As recent snafus show, monitoring your social media channels is a full-time job
They say hindsight is 20/20—and when social media disasters happen to businesses, it’s tempting to look back at which decisions could have been made differently to avoid them. When online engagement backfires, though, the decisions you make next are just as important. That means full-time monitoring of your social media channels and the ability to overcome customers’ negative perceptions. What can you take away from these recent social media horror stories?
Inappropriate image sends US Airways Twitter feed off-course
On April 14th, US Airways found itself engaged in an increasingly heated Twitter conversation with a customer. After previously tweeting to the customer regarding a recent delay, the airline published another response containing a lewd image of a woman and model airplane. The tweet was online for approximately an hour before being removed. The same picture had been attached to a tweet sent to @AmericanAir 30 minutes before the US Airways post—both airlines use the same social media tool.
When the issue was discovered, the airline removed the post and tweeted an apology (which has received over 14,000 retweets and 11,000 favorites). US Airways later released an apology statement on Twitter, but the fact that this image remained online for an hour is a cautionary tale to any business engaging online and clearly can be a full-time job.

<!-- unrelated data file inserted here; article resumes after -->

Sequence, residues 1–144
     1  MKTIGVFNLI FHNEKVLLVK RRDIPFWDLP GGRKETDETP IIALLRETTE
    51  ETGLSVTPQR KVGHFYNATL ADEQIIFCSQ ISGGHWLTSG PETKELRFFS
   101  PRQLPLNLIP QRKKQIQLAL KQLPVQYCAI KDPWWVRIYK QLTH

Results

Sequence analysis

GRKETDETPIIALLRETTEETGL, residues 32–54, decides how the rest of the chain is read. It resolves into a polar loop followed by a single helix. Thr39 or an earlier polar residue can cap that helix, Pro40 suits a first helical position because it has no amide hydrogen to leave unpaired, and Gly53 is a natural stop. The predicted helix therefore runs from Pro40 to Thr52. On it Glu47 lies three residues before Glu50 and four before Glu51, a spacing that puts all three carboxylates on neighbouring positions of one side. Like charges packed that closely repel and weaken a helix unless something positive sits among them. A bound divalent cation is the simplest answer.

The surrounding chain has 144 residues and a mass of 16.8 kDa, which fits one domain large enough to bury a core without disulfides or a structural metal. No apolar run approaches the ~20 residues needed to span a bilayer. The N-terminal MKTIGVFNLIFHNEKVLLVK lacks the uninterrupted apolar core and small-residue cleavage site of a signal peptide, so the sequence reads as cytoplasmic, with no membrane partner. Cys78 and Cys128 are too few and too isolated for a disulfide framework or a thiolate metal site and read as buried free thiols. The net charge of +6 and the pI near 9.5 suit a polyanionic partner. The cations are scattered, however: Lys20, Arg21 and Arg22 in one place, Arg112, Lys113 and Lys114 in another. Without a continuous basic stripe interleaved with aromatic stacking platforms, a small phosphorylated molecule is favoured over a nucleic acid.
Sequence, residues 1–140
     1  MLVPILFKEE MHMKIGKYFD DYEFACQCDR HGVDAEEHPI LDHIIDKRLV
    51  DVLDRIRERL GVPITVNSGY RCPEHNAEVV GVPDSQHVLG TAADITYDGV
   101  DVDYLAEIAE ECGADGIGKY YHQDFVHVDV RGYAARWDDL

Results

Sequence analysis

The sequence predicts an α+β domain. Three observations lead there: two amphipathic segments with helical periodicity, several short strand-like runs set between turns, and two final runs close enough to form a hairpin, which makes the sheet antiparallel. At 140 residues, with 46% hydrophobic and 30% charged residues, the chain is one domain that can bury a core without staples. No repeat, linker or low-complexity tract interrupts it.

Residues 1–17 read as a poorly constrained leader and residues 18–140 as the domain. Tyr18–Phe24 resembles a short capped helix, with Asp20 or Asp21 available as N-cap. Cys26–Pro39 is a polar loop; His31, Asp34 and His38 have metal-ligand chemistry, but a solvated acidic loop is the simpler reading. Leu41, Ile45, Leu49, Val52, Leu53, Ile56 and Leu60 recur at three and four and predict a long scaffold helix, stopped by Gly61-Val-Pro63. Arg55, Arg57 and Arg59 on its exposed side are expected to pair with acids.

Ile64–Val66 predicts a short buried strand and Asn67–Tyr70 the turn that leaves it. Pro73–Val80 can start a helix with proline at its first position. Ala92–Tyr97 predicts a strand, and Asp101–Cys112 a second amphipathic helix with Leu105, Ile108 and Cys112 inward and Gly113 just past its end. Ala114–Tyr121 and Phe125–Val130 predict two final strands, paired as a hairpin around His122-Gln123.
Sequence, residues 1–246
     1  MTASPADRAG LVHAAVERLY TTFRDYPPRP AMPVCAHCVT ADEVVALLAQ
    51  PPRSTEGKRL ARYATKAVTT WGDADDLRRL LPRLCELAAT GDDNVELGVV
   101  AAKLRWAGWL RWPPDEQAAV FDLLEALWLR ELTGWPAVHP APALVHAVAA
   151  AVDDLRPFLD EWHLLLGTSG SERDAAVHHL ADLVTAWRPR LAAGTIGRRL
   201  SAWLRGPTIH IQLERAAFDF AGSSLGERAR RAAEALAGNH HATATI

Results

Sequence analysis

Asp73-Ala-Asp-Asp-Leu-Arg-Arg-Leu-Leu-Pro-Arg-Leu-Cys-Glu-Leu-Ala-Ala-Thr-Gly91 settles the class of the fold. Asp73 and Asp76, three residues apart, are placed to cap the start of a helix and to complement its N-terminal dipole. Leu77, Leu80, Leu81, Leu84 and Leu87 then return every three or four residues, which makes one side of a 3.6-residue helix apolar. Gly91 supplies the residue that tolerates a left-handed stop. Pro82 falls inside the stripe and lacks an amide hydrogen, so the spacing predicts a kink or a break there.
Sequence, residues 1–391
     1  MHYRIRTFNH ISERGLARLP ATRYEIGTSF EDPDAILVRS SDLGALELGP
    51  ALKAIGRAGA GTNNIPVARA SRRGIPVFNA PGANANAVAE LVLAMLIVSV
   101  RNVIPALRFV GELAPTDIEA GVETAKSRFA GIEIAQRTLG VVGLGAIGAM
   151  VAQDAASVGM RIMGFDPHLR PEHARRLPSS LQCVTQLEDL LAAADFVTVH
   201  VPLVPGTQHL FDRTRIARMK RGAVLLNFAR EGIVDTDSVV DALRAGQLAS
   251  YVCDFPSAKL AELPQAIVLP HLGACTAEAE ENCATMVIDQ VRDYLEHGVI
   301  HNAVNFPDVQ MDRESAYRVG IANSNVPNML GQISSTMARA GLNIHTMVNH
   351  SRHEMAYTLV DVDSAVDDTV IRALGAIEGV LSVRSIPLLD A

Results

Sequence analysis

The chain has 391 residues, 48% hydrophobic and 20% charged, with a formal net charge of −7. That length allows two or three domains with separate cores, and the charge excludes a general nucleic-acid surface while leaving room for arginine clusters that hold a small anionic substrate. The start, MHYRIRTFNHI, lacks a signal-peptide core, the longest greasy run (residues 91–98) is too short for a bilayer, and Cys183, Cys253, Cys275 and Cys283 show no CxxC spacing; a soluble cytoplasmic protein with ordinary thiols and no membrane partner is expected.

Recent #myNYPD social media campaign backfires with wave of anti-cop messages
It all started with an innocent (if naïve) invitation from the New York Police Department: “Do you have a photo w/ a member of the NYPD? Tweet us & tag it #myNYPD. It may be featured on our Facebook.” The responses didn’t take long to start rolling in—but they weren’t exactly what the NYPD expected. Instead, tweeters shared images referring to alleged cases of police brutality, first in New York and then spreading to cities like Chicago, Albuquerque, and Los Angeles.
The wave of social media responses referred to both well-known historical cases and more recent instances. Over 110,000 tweets with the hashtag #myNYPD were submitted before Police Commissioner Bill Bratton responded, saying he welcomed the negative responses and that many of the images referred to old stories. In response to the claims of excessive force, Bratton told reporters, “Often times police activities are lawful, but look awful.”
Is your social media monitoring framework in place?
3 Birds actively identifies problems like these each month and works quickly to intercept and address them. Both the speed and quality of your response can have a significant impact on how customers perceive your business in the wake of a social media disaster. But placing one of your own team members on constant “hall monitor” duty isn’t necessarily a cost-effective solution. Learn more about our Loyalty & Engagement services and count on peace of mind no matter what your dealership's social media future brings.